Germany Publications

290. Ethnic Cleansing, Communism and Environmental Devastation in Post-War Czechoslovakia

Jul 07, 2011
January 2004 - In the aftermath of World War II, Czechoslovakia expelled close to three million ethnic Germans into occupied Austria and Germany. These so-called Sudeten Germans had long lived in borderland regions ringing the provinces of Bohemia and Moravia, with the heaviest concentration inhabiting the industrially advanced north and west of Bohemia. During and after the expulsions, over two million Czechs settled in the formerly German areas, taking over houses, businesses and factories. The popular Communist Party controlled the resettlement process from the beginning in 1945, using its influence to create a web of patronage in the borderlands. This helped the Party win over 50 percent of the vote in north Bohemia in free elections in May of 1946. Even before Stalinism took hold in Czechoslovakia in 1948, north Bohemia's coal mining, power production and chemical industry were renowned. With the onset of a Communist policy of heavy industrialization, north Bohemia's industry became a model for the entire country. By the 1960s, north Bohemia also became known for its almost unrivaled pollution, with air and water so foul that trees died in waves and children decamped to the mountains for doses of clean air. more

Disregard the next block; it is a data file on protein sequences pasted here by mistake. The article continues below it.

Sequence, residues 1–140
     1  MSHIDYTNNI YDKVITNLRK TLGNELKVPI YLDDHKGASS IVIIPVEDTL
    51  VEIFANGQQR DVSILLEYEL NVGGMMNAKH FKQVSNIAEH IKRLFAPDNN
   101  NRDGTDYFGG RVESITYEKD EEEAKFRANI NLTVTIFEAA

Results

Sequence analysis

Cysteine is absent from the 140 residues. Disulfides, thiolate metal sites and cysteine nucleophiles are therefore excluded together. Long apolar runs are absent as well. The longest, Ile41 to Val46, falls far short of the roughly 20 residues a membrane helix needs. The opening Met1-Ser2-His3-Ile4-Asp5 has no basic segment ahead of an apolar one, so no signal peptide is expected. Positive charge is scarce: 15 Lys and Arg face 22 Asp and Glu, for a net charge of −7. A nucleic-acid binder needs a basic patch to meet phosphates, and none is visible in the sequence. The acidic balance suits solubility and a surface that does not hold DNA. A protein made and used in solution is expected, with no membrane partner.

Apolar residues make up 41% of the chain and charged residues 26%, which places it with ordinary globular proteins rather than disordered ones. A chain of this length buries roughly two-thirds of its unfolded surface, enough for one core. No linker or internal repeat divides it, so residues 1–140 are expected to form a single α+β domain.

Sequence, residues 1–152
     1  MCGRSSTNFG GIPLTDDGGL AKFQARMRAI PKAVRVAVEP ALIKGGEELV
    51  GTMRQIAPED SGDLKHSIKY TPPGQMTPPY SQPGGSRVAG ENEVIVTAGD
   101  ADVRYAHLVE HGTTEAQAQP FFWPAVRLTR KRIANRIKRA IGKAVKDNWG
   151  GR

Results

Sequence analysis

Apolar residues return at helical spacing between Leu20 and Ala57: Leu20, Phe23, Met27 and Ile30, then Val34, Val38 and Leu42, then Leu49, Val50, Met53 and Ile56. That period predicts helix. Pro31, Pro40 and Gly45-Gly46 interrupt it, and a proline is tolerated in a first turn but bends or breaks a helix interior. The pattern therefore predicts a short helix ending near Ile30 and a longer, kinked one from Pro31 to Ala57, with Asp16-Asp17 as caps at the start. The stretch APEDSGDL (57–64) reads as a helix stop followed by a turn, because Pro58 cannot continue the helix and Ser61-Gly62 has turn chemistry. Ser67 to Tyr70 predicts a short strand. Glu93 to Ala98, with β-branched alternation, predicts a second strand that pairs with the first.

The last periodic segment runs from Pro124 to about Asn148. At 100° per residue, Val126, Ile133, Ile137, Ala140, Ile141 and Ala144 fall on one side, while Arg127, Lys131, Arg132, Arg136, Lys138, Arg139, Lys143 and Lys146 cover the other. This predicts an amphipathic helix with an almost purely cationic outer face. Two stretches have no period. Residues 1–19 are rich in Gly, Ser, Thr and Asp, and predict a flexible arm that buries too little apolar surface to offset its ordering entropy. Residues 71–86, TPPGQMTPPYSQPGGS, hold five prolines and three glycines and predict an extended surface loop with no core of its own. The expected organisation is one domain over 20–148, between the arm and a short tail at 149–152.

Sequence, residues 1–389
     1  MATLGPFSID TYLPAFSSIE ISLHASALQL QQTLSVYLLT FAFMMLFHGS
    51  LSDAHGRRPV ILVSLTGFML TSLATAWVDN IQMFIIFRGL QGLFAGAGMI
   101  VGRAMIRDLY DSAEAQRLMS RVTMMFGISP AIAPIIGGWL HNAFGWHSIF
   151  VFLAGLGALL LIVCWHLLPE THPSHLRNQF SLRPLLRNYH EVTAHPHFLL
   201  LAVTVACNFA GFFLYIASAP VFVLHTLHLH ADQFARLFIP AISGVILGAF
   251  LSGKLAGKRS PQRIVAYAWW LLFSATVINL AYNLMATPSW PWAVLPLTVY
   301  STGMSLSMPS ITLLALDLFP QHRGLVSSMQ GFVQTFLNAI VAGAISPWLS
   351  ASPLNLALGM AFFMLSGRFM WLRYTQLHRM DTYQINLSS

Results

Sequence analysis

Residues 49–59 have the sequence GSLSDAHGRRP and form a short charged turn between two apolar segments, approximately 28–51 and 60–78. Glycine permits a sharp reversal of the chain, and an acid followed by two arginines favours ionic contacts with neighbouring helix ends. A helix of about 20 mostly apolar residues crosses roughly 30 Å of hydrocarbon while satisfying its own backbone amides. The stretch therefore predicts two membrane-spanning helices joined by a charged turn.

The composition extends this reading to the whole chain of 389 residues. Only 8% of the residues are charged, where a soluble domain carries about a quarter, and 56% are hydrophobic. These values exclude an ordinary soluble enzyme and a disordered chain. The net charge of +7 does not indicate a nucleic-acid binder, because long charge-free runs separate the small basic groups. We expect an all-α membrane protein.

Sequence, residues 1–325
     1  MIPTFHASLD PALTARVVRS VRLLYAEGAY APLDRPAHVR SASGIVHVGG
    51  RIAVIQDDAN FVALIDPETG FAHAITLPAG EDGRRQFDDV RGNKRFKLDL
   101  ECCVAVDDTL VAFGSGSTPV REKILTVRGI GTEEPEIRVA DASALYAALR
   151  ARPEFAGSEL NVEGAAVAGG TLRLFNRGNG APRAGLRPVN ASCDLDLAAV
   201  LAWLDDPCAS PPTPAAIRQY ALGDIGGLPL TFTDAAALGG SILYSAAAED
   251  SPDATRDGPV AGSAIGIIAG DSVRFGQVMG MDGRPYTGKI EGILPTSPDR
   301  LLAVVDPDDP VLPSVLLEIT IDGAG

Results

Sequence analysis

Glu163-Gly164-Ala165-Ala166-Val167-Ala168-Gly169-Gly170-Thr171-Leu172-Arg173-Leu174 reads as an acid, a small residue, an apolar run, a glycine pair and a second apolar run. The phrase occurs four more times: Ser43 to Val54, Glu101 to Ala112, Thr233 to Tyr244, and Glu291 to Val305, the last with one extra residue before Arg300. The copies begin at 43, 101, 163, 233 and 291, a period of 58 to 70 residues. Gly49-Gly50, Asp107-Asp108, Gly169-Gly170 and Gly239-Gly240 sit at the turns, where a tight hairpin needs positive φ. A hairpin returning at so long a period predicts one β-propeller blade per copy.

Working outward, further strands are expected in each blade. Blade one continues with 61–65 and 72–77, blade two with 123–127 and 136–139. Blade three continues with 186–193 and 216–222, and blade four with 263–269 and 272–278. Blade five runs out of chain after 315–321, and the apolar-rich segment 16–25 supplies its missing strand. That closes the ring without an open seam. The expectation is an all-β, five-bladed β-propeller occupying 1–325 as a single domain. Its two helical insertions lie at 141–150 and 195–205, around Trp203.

Khrushchev and the Berlin Crisis (1958-62)

Jul 07, 2011
CWIHP Working Paper No. 6 more

East German Spying Reveals NATO War Plans

Jul 07, 2011
CWIHP e-Dossier No. 9 more

Malenkov on the German Question, 2 June 1953

Jul 07, 2011
CWIHP e-Dossier No. 15 more

Introduction to the Willy Brandt Document Collection

Jul 07, 2011
The 22 documents made available in CWIHP e-Dossier No. 22 are a small sample from the 10 volumes of Willy Brandt's selected works published between 2002 and 2009 as "Berliner Ausgabe." more

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Dialogue

The Future of Higher Education

Mar 26, 2014Apr 02, 2014

Jeff Abernathy and Richard Morrill discuss how colleges and universities are dealing with rapidly rising costs and how the United States can still compete for students in a globalized environment.